The noise by the vehicle may also be disturbing to some wildlife. Its negative impact might be higher in long term. Increased tourist facilities have caused the loss of habitat and naturalness of the area. Lodges and attractive places have been spoilt by garbage and sewage disposal problems. Garbage attracts carrion-eaters such as hyenas, baboons, velvet monkeys and marabou storks. These problems are of concern to the reserve's management because animals can be obvious threats to people, including tourists. Another impact of garbage is that some scavengers, such as hyenas, may change their natural feeding habits and became permanent garbage feeders. In the Coast, the local residents are Muslims. The Islamic females have to dress their whole body to avoid attracting men but as tourists go by they show parts of their body that is forbidden for Muslims. The darker side about tourism is that the local people then go into drugs n drinking and prostitution. Ladies look for boys for sex, so instead of boys going to the church, they have sex with ladies for money and this is affecting society. Tourists diving and standing on the coral kill the living organisms, as they are extremely delicate and tender. Anchors being dropped of boats constantly batter the coral and it is illegal to harm the coral. Tourists take shells and starfish that are a vital link to the ecosystem. 140 tones of shells and coral are removed out every year for selling. Sohil Hirani ...read more.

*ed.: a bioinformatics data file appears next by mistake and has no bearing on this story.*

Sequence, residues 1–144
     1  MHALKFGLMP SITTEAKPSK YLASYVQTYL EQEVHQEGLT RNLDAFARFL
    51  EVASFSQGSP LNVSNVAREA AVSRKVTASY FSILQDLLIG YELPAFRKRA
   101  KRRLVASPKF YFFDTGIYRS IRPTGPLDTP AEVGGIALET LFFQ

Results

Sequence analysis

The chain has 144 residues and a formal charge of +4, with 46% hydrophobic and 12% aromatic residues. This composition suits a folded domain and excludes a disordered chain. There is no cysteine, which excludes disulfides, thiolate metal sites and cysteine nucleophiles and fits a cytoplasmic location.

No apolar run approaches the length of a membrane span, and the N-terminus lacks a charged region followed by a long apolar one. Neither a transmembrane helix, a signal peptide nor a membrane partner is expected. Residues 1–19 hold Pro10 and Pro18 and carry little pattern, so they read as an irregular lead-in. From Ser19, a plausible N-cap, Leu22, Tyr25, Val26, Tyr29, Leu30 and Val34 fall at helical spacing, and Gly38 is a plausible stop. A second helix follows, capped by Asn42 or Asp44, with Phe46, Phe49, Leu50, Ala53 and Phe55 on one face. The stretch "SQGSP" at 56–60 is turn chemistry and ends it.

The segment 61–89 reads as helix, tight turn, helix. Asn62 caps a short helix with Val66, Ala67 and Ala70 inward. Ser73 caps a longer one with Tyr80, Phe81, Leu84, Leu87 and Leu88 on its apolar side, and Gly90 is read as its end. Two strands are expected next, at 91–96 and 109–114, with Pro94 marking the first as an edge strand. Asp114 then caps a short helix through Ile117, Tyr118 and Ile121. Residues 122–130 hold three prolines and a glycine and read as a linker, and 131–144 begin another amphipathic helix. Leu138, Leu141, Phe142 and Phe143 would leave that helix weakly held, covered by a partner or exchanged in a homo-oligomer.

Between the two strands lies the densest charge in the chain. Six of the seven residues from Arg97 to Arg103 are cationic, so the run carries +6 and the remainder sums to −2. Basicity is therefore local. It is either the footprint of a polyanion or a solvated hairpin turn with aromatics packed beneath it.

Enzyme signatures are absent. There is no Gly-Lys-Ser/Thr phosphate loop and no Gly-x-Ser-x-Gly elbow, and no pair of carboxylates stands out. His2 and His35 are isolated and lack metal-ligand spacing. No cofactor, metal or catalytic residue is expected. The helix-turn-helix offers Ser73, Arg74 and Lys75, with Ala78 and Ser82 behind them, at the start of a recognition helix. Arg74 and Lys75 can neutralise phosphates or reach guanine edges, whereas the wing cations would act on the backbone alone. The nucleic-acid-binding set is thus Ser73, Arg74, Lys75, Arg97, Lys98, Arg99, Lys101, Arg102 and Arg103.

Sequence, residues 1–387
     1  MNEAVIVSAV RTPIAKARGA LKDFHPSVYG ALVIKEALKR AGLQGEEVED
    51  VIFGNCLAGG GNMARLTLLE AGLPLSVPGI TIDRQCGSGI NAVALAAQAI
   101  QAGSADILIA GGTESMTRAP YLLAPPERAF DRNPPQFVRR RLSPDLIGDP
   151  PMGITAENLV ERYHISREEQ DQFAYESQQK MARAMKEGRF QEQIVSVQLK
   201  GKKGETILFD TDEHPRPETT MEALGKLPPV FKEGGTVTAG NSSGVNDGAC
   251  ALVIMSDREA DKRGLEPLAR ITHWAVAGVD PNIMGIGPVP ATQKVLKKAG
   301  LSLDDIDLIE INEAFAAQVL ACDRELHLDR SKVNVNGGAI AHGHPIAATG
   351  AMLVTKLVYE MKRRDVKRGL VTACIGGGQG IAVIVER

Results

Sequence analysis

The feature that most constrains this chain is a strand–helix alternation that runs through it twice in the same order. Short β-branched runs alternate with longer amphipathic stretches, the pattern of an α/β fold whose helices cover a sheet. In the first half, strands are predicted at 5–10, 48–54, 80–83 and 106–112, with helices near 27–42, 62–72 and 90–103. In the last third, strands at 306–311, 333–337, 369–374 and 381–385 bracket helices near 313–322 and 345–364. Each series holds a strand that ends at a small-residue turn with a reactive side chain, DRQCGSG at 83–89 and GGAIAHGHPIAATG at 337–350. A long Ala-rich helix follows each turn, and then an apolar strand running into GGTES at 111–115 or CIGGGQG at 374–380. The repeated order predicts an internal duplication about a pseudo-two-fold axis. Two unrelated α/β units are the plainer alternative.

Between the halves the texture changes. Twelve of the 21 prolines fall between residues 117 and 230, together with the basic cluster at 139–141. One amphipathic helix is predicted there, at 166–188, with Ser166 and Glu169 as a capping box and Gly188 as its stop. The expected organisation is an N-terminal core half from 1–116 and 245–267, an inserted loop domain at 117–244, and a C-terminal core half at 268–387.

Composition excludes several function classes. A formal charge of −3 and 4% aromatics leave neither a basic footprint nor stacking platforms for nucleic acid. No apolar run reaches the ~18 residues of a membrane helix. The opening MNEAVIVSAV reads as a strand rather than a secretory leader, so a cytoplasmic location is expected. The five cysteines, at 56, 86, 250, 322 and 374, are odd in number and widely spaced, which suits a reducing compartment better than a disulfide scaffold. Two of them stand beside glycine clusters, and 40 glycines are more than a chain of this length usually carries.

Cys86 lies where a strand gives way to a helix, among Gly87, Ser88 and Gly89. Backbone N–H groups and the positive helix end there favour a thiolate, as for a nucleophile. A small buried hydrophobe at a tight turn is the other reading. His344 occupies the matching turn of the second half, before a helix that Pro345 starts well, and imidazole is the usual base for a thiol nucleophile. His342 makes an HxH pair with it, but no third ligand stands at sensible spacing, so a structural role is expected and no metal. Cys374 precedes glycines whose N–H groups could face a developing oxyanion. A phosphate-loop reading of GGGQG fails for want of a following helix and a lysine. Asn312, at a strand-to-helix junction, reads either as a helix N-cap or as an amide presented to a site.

The above preview is unformatted text

This student written piece of work is one of many that can be found in our AS and A Level Global Interdependence & Economic Transition section.

Found what you're looking for?

  • Start learning 29% faster today
  • 150,000+ documents available
  • Just £6.99 a month

Not the one? Search for your essay title...
  • Join over 1.2 million students every month
  • Accelerate your learning by 29%
  • Unlimited access from just £6.99 per month

See related essaysSee related essays

Related AS and A Level Global Interdependence & Economic Transition essays